Father glanced about for the baby, thinking to skip an argument. The baby was asleep. He complained, “Is the chub going to slumber its life away?” He eyed Dan leaning against Mother and said, “That kid used to be a daddy’s boy, used to keep my knees rubbed sore.” And he took a square look at Holly and inquired, “What ails her? I want to know. She’s bony as a garfish.”

“ You’re the shikepoke,” Mother replied. “You’ve walked yourself to a blade.” And she said, “Did you come home early as at Tullock’s Camp you’d find the baby wide-eyed.”

Holly snatched the ginseng and fondled it. “Gee-o,” she breathed in delight.

Father caught the baby awake the day he got up with the squirrels. He arrived in midafternoon swinging two critters by their tails, and he came grinning in spite of having found no ginseng. He crowed, “We’ll allow the beans and bunnies a vacation. We’ll feast on squirrel gravy.” He jiggled them to make the baby flick its eyes. After skinning the squirrels, he stretched the hides across boards and hung them to cure.

The gravy turned out weak and tasteless. Lacking flour and milk there was no help for it. Yet Father smacked his lips. He offered the baby a spoonful and it shrank away. He ladled Dan a serving and Dan refused it. Tempting Holly he urged, “Try a sop and mind you don’t swallow your tongue.” Holly wrinkled her nose. “Take nourishment, my lady,” he cajoled, “or you’ll fair disappear.”

“Humph,” Holly scoffed, leaving the table.

Father’s patience shortened. “Can’t you make the young’un eat?” he demanded of Mother. “She’s wasting to a skeleton.”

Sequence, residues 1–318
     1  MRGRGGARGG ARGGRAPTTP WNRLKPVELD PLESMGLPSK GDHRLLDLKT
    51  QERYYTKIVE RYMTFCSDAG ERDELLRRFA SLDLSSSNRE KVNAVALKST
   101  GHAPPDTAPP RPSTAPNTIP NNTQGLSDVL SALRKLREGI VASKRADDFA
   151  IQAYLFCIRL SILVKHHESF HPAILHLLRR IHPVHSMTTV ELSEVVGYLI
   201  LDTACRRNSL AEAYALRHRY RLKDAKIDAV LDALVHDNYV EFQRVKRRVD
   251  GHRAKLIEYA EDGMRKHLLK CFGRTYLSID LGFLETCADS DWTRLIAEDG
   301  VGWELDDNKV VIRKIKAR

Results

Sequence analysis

“Well all lose flesh directly,” Mother said.

Holly said, “Was I at Tullock’s Camp I’d eat a bushel.”

Father opened his mouth to speak but caught himself. He couldn’t outtalk the both. He gritted his teeth and hushed.

When ginseng proved scarce and golden seal and seneca thinly scattered, Father dug five-cent dock and twenty-cent wild ginger. He dug cohosh and crane’s-bill and bluing weed and snakeroot. He worked like a whitehead. Mornings he left so early he carried a lantern to light his path and he returned after we children had dozed off. Still the bulk of the herbs drying on the hearth hardly seemed to increase from day to day. Again Mother reported strange tracks but Father shrugged. “ It’s not the footprints that plague me,” he said, “it’s the puzzle.”

The garden failed. The corn dwarfed in the shade, the tomatoes blighted. The potato vines were pale as though grown under thatch. We ate the last of the bread and then we knew beans and rabbit plain. Father hammered together box traps and baited for groundhogs. A covey of whitebacks sprung the stick triggers and we had a supper of them. Dry eating they made, aye-o! The groundhogs were too wise.